Emergent Technologies and Social Connectedness in Learning

Emergent Technologies and Social Connectedness in Learning

Kumar Laxman (Nanyang Technological University, Singapore) and Yap Kueh Chin (Nanyang Technological University,Singapore)
DOI: 10.4018/978-1-61350-192-4.ch003
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Abstract

The judicious embedment of technologies in educational contexts can foster learning environments that encourage thoughtful reflections and support deeper learning to occur. Emergent technologies has the capacity to foster effective online learning environments where social processes of learning involving collaboration can be facilitated. Social construction of knowledge facilitated by virtual collaborative platforms can generate a community of learners where the more knowledgeable members share their expertise with their peers. In this chapter, the authors explore the affordances of emergent technologies such as asynchronous discussion forums, synchronous computer mediated communications and 3-D virtual realities in educational contexts. Such technologies can be harnessed to support the paradigmatic shift in instruction to foster more socially-mediated collaborative learning environments.
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Introduction

The recent advances in the domain of communication technologies have afforded a growing number of cutting-edge applications that educators can leverage upon to build multimodal classroom ecologies that are socially oriented in nature (Chen et al., 2005). Embedding socially-mediated learning structures within a classroom community enables learners to construct knowledge through interpersonal interactions and collaborative communications (Slagter van Tryon & Bishop, 2006). The collective knowledge capital built by the community of learning serves serve as the shared context for the intellectual pursuits and academic excellence of its members. Effective learning can be accomplished when it involves interactions with peer learners in the creation of knowledge discourses based upon common epistemic goals (Zhu & Baylen, 2005). The judicious embedment of technologies in educational contexts can foster learning environments that encourage thoughtful cogitations, allowing deeper learning to occur (Maushak & Ou, 2007). And these reflections should not only be limited to discussions on subject content in academic areas but also cover socially related issues for learning to be truly experienced in a holistic manner (Dede, 1996). Research shows that technology has the capacity to foster effective online learning environments where social processes of learning involving collaboration can be facilitated (Russo & Benson, 2005; Ouzts, 2006). However, media alone doesn’t influence successful online collaborations - the instructor is the key determinant to motivating collaborations.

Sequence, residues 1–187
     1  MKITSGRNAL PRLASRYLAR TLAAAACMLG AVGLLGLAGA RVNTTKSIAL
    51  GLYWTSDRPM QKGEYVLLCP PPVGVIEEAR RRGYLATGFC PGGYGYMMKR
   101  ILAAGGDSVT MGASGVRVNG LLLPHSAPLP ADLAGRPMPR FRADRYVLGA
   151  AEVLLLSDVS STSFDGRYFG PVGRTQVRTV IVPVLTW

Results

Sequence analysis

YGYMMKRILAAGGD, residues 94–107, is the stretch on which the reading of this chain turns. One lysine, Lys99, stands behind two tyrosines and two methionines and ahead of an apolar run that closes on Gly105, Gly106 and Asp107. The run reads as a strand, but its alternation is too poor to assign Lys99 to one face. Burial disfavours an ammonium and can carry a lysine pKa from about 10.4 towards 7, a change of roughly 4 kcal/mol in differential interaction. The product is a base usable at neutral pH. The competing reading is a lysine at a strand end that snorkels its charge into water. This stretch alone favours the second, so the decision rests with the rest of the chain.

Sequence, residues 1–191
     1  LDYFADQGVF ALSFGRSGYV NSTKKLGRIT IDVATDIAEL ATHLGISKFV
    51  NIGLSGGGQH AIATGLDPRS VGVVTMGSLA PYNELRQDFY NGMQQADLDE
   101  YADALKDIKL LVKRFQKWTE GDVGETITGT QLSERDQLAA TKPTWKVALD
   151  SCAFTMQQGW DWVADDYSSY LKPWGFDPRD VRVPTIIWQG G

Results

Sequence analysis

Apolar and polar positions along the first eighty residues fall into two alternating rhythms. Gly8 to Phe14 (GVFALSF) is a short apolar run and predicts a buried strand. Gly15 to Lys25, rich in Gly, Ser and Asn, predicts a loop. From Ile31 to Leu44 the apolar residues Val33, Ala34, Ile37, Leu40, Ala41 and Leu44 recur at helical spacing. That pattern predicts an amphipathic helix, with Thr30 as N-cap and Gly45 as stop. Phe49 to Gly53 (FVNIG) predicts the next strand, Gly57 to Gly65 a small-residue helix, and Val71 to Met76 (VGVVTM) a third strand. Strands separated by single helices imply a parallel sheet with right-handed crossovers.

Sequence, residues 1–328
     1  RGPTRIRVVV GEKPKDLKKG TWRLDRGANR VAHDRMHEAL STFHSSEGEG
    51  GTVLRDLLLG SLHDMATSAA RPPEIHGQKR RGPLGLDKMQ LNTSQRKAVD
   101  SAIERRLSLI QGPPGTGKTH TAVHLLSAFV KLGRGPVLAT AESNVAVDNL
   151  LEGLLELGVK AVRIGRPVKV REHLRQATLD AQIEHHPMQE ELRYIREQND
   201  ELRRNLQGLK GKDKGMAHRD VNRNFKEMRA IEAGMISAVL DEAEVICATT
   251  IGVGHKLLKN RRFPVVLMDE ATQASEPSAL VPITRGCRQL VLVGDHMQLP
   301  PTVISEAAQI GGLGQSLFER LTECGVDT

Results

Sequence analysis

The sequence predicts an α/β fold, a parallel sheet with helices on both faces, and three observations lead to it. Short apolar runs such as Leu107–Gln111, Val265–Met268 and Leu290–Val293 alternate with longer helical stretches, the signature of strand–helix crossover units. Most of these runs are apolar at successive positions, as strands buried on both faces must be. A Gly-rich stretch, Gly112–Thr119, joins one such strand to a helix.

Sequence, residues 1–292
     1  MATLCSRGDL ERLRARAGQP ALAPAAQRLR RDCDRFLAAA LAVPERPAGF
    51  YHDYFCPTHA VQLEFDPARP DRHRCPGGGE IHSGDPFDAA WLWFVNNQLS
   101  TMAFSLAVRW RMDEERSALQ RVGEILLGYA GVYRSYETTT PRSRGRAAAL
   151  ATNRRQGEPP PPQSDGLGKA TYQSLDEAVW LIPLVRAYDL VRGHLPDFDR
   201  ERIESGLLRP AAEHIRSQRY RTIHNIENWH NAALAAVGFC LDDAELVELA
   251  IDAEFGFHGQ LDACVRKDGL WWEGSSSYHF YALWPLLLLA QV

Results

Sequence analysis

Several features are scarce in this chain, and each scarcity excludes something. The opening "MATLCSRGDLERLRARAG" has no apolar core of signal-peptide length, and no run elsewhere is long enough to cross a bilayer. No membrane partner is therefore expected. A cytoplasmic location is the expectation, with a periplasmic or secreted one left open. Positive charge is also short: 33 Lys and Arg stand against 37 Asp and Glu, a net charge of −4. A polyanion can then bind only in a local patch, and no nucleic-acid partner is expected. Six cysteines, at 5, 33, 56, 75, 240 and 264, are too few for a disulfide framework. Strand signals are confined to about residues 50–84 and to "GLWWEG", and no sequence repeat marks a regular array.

Social constructivism as advocated by the Russian psychologist Lev Vygotsky posits that new knowledge is generated when there are social interactions within a community of students where the more knowledgeable members share their expertise with their peers. These socialization processes used in social constructivism embody reciprocal interactions creating a shared construction of meaning making by the members of an educational community (Sivan, 1986). The sharing of ideas and perspectives encourages deeper thinking and learning to be accomplished. Vygtosky called this approach to knowledge attainment as the “Zone of Proximal Development.” In his own words, Zone of Proximal Development (ZPD) can be defined as “the distance between the actual developmental level as determined by independent problem solving and the level of potential development as determined through problem solving under adult guidance or in collaboration with more capable peers” (p. 86).

Wenger (1998) defines a learning community of practice as one that includes joint enterprise, mutual engagement, and shared repertoire. Members who mutually share these three attributes develop unique ways of talking about meaning, practice, community, and identity of the knowledge valued amongst the group members. Wenger further asserts that our existence as social beings is central to the ways we learn, that knowledge gathering is our ability to experience the world and engagement with the world in meaningful ways is the product of learning. Information stored in explicit ways is only a small part of knowing, and knowing involves primarily active participation in social communities and internalization of knowledge. Wenger feels that traditional formats of schooling, in that sense, seem limited in providing the necessary access to conditions and tools that enhance students’ participation within social structures of learning and open up their thinking horizons.

Technology has the capacity to extend learning beyond classroom boundaries and create electronic educational spaces that connect students in a network of applied learning.Harnessing the participative nature of technology-supported interactions situates learning in communities of practice sharing a repertoire of knowledge resources.

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